The fragrant blossoms of spring are drawing crowds of critters that I’m not so crazy about – bees. I’ve had an uneasy relationship with bees ever since I can remember. I was stung only a couple of times during my childhood (turns out I’m not allergic), but the experiences were painful enough to cement my dislike (and fear) of ‘flying, stinging bugs’. I carried my fear well into adulthood, even when I worked outside as a seasonal park ranger. Several of the people I worked with assured me that if I just calmed down and ignored them, the bees/hornets/wasps would just mosey on their way and leave me alone. For the most part, they were right and I discovered how to be more at ease in the outdoors, in spite of the constant presence of bees. More recently, I’ve really learned to respect and appreciate them.
I started hearing news about Colony Collapse Disorder about five years ago when the alarming honeybee die-offs starting making the news in 2006. Colony Collapse Disorder occurs when large numbers of worker bees in a hive suddenly die, sometimes the entire hive collapses. Commercial bee farmers have reported losing as much as 50%-90% of their hives. It’s important to understand the critical role that European honeybees play in our lives. Although they are not native to North America, it can safely be said that the survival of the people who live here can be attributed to the busy lives of European honeybees. It is estimated that one out of every three bites of food we eat comes from the pollinating activities of honeybees. To learn that they have been inexplicably dying off in such staggering numbers is disturbing and throws into sharp relief the delicate balance required to sustain our lives here.
Armed with this knowledge I had a newfound concern for the plight of honeybees. It completely changed the way I approached a bee problem we recently experienced at home.
We live in a rural, unincorporated area of the county about seven miles from the school my children attend. I had just entered the house after driving my children home from school one spring afternoon. I opened the front door to look down the end of our long country driveway and saw what looked like an enormous dust devil. I could see the trees and bushes bending and whipping to accommodate the swirling winds of this cone of activity and then heard the loud buzzing. After studying this mystery for a couple of seconds I realized that it was an enormous swarm of bees headed toward our house. I closed the door and made sure all of my children and pets were safely inside and ‘waited for the storm to pass’. As I moved to the back of the house, I could hear the buzzing growing louder so I peeked out the windows into the backyard. I could see the enormous, swirling bee tornado passing over the top of our house and heading east towards a cluster of tall trees in a neighbor’s back pasture. Once they entered the trees I lost sight of them and figured that was the end of them.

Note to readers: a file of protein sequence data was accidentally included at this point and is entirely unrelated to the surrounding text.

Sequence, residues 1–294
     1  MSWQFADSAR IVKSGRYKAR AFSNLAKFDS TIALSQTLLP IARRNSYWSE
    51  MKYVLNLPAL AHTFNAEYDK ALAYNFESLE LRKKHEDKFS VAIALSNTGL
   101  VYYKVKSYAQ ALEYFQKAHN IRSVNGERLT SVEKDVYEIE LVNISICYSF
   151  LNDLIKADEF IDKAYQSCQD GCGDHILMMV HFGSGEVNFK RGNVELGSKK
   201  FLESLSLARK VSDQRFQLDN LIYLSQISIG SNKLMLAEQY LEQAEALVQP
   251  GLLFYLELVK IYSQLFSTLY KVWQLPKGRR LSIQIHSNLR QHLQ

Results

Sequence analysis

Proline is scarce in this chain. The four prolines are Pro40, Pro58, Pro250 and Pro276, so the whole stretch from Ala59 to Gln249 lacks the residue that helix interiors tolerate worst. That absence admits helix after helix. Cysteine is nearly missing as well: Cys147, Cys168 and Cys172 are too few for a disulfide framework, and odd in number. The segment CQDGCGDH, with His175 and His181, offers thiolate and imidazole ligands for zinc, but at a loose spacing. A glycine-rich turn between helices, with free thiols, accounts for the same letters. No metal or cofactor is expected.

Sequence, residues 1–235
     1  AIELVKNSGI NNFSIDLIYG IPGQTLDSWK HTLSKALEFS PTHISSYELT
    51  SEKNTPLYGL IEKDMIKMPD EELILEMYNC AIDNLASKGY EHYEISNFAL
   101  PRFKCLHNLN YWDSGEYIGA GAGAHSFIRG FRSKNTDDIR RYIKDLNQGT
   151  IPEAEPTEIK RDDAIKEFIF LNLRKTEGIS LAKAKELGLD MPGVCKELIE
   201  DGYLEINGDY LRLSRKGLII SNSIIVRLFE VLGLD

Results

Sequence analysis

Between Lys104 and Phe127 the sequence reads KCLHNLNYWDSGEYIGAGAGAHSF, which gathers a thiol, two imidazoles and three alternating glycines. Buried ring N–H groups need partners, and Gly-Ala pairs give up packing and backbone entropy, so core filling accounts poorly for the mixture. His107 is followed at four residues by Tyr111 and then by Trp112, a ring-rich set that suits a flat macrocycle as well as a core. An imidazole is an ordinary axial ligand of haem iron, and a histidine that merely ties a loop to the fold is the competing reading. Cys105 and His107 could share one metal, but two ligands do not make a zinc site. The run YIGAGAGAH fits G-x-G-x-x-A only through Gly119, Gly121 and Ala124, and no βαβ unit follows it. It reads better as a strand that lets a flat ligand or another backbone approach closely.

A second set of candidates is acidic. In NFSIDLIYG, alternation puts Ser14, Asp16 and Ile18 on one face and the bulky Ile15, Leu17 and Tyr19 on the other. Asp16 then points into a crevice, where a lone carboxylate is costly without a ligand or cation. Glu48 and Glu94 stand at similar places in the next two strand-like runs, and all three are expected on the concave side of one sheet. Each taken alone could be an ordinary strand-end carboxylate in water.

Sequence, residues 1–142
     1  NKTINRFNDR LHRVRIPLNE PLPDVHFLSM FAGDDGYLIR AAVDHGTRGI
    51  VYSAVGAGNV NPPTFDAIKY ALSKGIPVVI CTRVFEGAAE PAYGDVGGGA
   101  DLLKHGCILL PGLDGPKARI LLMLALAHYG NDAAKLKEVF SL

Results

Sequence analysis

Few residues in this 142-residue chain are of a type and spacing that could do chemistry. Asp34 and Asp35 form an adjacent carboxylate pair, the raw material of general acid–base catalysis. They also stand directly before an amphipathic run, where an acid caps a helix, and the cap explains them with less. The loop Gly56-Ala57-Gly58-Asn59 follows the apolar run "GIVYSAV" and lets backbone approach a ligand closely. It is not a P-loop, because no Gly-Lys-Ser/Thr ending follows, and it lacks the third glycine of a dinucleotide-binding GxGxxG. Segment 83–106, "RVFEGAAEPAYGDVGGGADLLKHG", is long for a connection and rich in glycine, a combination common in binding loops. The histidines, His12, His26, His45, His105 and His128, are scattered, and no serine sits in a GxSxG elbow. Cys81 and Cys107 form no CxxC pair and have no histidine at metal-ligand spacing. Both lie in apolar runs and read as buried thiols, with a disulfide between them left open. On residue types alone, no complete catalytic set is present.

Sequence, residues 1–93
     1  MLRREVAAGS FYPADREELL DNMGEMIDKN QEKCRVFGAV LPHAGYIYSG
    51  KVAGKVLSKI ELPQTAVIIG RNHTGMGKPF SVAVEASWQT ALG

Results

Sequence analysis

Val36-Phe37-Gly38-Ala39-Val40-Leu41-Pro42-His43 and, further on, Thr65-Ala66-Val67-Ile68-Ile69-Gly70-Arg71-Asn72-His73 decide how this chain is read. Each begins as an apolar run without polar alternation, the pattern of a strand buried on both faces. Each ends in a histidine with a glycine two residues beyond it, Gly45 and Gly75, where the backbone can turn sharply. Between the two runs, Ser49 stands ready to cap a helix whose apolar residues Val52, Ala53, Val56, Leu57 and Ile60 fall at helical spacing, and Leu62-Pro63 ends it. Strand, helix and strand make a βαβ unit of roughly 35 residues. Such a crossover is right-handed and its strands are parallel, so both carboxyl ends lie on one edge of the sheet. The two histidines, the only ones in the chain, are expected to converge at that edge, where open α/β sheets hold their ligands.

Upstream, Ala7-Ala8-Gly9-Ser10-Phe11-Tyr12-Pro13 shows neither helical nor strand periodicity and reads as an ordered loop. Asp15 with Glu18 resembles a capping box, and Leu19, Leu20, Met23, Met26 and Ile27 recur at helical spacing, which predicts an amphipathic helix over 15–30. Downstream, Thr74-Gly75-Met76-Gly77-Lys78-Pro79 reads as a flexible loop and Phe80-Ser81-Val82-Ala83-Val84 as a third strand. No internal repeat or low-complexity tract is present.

The next morning as I loaded my children into the truck in the front yard to take them to school I glanced over at our front fence and saw an enormous cluster of bees huddled together tightly on a fence post near the ground. I made a mental note to deal with it when I returned and took my children off to school. I finally got a hold of George, owner of Bee Busters and he agreed to come out, take a look at the bee situation, and vowed to solve it for me.
Within an hour he arrived and immediately went to meet the bees. He informed me that we had a bee ball of little Italian honeybees. They were traveling, as they often do in the springtime, with a new queen and were looking to establish a new hive somewhere. We were both concerned that these bees might decide to set up housekeeping in my attic and that would not be the best place for them or us, so he should collect them and find them a new home elsewhere. What happened next was nothing short of amazing and it forever changed my perception of bees.
George speaks bee, you see. He didn’t put on a protective bee suit. No hood with a veil or gloves. No smoker. He just put on a long-sleeved, light tan shirt. Then he took some really high-tech tools; a four-inch putty knife and a temporary hive he fashioned out of a cardboard box. My husband and I watched in amazement (from the safety of the inside of our house, through the window) as George located the queen in the ball of bees, gently coaxed her into the box and then the rest of her hive obediently followed her into the box. When they had all meandered into the box he closed the door and taped it shut. Done! He estimated, based on the weight of the box, that there were about 12,000 to 16,000 bees in this ‘little hive’.
It turns out George was the best person to call. He was not only extremely knowledgeable about European honeybees, he also had the experience to handle them with care and confidence. He was a wellspring of knowledge and we found ourselves smiling when he openly said, “Bees are good people”.
I couldn’t agree more.